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Multidimensional immune profiling of single cells using mass cytometry

English title Multidimensional immune profiling of single cells using mass cytometry
Applicant Zippelius Alfred
Number 189780
Funding scheme R'EQUIP
Research institution Abteilung für Onkologie Medizinische Universitätsklinik B Universitätsspital Basel
Institution of higher education University of Basel - BS
Main discipline Immunology, Immunopathology
Start/End 01.01.2020 - 31.12.2020
Approved amount 358'318.00
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All Disciplines (3)

Discipline
Immunology, Immunopathology
Clinical Cancer Research
Clinical Immunology and Immunopathology

Keywords (4)

single cell analysis; multidimensional analysis ; mass cytometry; immune phenotyping

Lay Summary (German)

Lead
Das CyTOF System ist ein Massenzytometer, das hochdimensionale Analysen von einzelnen Zellen ermöglicht. Die Bereitstellung dieser Plattform an der Universität Basel erlaubt interessierten Forschungsgruppen an zahlreichen Insitutionen und Einrichtungen den Zugang für wissenschaftliche Untersuchungen.
Lay summary

Die rasche und umfassende Analyse von einzelnen Zellen ist in der Wissenschaft wie beispielsweise in der immunologischen Forschung entscheidend, um deren Identität und Funktion mehrdimensional zu erfassen. Das CyTOF System ist ein Massenzytometer, welches Einzelzell-Suspensionen, markiert mit stabilen Schwermetall-Isotopen, analysiert. Die atomisierten Ionen werden nach Masse separiert und nur nicht-biologische Ionen der Sonden werden gezählt. Mit über 130 Detektionskanälen ermöglicht dieses System über 50 Isotopen-Sonden mit hoher Aquisitionsrate zu detektieren, dies ohne Kompensation. Die Probenvorbereitung und Proteindetektion sind, mit wenigen Unterschieden, vergleichbar mit fluoreszenzbasierter Durchflusszytometrie.  Damit werden vielfältige Anwendungen möglich, wie die Analyse des zellulären Verhaltens, einschließlich Zellsignalisierung, -proliferation, -tod oder -kommunikation und der Analyse der zellulären Differenzierung bzw. Funktion. Der Antrag erlaubt uns, ein CyTOF System an der Universität Basel, insbesondere im Bereich der immunologischen Forschung, einem eindeutigen Schwerpunkt der Universität, einzurichten. Obgleich die Universität Basel über eine hohe Dichte an herausragenden Wissenschaftlern und Aerzten in diesem Bereich verfügt, gibt es derzeit kein CyTOF System im akademischen Umfeld. Somit handelt es sich dabei um ein multi-institutionelles und multidisziplinäres Projekt, das von folgenden Antragstellern getragen wird:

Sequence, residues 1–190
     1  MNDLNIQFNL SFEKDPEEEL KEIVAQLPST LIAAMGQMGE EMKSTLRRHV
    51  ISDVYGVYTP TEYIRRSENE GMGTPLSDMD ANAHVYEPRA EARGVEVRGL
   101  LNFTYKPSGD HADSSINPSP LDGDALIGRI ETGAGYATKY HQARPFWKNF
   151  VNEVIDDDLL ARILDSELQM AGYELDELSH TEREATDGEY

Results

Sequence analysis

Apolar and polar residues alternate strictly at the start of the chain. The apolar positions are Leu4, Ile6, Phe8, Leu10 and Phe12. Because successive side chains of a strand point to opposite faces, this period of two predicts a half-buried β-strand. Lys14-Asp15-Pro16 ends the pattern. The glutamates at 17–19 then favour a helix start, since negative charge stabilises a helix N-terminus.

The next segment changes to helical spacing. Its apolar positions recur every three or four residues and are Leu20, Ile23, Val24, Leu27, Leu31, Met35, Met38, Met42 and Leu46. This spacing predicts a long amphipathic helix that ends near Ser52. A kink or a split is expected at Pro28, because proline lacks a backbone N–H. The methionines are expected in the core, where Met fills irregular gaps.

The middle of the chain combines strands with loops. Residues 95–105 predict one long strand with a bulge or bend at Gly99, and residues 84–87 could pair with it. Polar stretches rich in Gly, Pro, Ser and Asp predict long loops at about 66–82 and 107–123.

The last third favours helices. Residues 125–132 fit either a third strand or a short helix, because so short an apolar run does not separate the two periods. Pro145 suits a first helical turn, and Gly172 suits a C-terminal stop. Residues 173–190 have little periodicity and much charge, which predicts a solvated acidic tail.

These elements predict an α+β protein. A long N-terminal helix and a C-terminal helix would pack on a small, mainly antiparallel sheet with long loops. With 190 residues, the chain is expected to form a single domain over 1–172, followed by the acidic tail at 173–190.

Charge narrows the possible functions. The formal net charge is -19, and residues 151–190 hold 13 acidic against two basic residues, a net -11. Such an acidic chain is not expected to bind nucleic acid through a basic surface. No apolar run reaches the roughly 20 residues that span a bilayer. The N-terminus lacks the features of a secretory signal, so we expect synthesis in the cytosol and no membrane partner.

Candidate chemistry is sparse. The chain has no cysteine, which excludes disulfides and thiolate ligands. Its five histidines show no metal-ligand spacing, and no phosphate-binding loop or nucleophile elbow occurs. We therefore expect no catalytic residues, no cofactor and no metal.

• Reaktion und Resistenz gegen Krebsimmuntherapie (A. Zippelius, DBM)
  • Vielfalt der Entwicklung und Funktion von Thymusepithelzellen (G.Holländer, DBM)
  • Mechanismen zur Aufrechterhaltung der peripheren naiven T-Zell-Homöostase (J.Pieters, Biozentrum)